Lessons in Chemistry

Garmus, Bonnie

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Elizabeth Zott is not your average woman. In fact Elizabeth Zott would be the first to point out that there is no such thing.

But it's the 1960s, and despite the fact that she is a scientist, her male peers are very unscientific when it comes to equality. The only good thing to happen on her road to professional fulfilment is a run-in with famous colleague Calvin Evans, legend and Nobel nominee. He's also awkward, kind and tenacious. Theirs is true chemistry.

But life is never predictable and three years later Elizabeth Zott is an unwed, single mother and star of America's best loved cooking show Supper at Six. Her singular approach to cooking - 'take one pint of H2O and add a pinch of sodium chloride' - and empowering message prove revolutionary. Because Elizabeth isn't just teaching housewives how to cook, but how to change their lives.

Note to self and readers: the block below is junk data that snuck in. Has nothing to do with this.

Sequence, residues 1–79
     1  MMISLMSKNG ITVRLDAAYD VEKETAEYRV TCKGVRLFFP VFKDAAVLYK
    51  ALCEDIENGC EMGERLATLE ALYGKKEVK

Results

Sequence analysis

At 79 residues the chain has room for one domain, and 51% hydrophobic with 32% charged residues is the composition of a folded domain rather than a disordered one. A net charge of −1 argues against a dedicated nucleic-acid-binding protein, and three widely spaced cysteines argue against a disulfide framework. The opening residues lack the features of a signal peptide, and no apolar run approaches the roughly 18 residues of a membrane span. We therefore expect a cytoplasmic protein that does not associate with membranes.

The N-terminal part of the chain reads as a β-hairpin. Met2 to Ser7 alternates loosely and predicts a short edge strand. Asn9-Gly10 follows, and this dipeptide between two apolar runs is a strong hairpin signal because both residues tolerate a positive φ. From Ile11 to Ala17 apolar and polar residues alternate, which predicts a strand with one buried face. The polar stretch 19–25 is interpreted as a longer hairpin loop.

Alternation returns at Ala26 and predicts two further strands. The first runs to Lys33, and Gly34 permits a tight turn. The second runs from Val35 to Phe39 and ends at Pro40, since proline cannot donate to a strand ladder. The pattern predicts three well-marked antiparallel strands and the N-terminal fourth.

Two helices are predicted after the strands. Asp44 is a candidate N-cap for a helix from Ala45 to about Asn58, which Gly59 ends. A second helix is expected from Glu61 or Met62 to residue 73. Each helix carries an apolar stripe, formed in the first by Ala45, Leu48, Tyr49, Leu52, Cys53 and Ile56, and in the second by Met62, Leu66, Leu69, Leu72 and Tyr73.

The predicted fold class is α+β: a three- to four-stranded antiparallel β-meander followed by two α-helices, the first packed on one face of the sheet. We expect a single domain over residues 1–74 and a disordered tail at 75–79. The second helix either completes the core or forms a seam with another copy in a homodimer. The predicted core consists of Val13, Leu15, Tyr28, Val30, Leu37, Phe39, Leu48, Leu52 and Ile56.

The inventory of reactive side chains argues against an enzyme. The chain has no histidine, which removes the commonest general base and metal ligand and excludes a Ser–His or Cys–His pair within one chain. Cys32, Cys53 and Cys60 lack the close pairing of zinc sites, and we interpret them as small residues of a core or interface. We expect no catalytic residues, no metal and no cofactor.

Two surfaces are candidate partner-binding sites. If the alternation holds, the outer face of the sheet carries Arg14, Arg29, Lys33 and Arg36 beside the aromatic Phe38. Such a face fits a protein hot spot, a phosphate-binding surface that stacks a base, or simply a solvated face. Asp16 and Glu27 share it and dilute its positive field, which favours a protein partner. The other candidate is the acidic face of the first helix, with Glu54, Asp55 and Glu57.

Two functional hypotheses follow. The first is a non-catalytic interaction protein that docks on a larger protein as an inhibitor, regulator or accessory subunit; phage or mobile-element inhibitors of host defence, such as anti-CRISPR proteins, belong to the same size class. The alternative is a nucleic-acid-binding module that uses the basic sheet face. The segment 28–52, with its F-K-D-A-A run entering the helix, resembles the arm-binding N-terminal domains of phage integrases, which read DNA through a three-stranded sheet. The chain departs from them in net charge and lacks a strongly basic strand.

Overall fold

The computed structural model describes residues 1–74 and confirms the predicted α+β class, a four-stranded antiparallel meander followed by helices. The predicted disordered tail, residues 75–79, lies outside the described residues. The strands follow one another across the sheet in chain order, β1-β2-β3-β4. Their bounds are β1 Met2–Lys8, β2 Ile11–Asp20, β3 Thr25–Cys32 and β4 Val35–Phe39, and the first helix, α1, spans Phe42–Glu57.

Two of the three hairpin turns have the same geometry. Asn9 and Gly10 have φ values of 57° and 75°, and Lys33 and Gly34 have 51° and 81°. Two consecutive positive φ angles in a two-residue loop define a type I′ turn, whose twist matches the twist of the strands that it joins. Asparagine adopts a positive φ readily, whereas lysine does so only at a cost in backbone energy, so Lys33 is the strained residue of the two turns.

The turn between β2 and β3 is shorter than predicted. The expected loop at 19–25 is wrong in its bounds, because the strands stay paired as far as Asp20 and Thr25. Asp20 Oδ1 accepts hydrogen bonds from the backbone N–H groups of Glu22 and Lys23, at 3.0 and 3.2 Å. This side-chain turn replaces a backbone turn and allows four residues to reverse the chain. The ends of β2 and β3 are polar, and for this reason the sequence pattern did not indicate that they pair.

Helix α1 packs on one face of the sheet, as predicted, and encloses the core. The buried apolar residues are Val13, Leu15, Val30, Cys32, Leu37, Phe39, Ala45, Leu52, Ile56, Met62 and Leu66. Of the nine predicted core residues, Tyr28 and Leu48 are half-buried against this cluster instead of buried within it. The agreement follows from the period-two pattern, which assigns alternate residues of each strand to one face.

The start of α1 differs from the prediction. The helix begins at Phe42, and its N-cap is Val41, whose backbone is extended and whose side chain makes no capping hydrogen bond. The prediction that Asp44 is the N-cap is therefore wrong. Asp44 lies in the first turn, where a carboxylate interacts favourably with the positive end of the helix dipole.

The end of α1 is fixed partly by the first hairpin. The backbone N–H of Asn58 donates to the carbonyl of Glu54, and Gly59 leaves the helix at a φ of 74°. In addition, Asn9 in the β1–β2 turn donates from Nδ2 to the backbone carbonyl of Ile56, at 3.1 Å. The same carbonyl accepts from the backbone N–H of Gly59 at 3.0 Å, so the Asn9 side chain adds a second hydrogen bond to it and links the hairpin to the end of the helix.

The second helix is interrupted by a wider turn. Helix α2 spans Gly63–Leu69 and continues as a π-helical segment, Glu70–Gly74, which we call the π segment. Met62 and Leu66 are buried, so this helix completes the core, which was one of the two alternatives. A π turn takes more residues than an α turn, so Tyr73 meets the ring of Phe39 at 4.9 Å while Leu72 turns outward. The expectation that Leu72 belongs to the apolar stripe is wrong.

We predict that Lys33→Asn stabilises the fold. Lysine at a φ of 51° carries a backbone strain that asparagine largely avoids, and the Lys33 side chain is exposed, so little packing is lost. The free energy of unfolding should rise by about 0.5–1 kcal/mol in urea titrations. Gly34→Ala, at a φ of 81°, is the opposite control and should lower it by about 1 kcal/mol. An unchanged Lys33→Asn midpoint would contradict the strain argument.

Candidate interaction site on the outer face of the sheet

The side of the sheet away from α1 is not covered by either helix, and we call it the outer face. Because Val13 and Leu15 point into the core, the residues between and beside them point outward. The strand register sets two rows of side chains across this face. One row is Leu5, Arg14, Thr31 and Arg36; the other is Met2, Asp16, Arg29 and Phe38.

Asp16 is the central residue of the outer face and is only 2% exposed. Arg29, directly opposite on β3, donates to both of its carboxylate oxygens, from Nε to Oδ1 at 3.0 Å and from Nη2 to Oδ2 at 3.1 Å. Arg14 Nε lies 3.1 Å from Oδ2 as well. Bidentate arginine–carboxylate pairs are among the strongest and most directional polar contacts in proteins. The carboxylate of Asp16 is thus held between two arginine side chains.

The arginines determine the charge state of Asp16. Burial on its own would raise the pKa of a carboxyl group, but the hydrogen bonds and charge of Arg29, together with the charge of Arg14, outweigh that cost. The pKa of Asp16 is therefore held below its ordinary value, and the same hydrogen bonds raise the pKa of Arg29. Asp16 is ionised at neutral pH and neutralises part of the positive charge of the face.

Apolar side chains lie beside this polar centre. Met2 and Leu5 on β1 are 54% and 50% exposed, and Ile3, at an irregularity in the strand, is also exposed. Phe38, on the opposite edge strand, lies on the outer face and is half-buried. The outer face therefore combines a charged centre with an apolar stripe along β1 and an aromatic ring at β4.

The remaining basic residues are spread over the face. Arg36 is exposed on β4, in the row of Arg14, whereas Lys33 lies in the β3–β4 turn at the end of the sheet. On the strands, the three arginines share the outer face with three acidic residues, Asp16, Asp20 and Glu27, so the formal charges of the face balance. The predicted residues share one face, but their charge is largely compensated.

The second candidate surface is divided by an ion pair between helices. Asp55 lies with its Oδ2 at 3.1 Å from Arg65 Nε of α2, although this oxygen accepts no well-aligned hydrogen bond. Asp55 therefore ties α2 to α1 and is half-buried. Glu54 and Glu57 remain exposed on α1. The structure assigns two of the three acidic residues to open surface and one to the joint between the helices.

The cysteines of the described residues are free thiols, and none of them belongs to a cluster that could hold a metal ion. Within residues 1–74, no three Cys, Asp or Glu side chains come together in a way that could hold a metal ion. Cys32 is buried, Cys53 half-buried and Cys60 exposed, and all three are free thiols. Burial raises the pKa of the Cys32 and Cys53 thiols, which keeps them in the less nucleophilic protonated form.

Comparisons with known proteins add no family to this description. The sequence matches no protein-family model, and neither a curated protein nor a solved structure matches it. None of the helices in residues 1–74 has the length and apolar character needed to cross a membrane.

Meet the unconventional, uncompromising Elizabeth Zott. [Taken from book blurb, Doubleday Books]

Comments from BDS Reviewers

"Quirky and highly original. It was fun to read."

"The themes for discussion suggest that this is a 'heavy' book, but somehow it isn't. It is balanced and often fun."

'Incredible (but unfortunately also believable) sexism, both overt and covert."

"Laugh out loud funny."

"Sad and romantic in places. Hopeful and frustrating. Engaging on every page."

"A well-constructed book in terms of pace; it never slowed down."

"The book highlights the prejudice women encountered in the 1950s."

"I found it fun to read but it also deals with important themes like gender inequality, sexual abuse, toxicity in academic institutions and big companies."

"I found the humour a little 'corny' and the story seemed a bit superficial."



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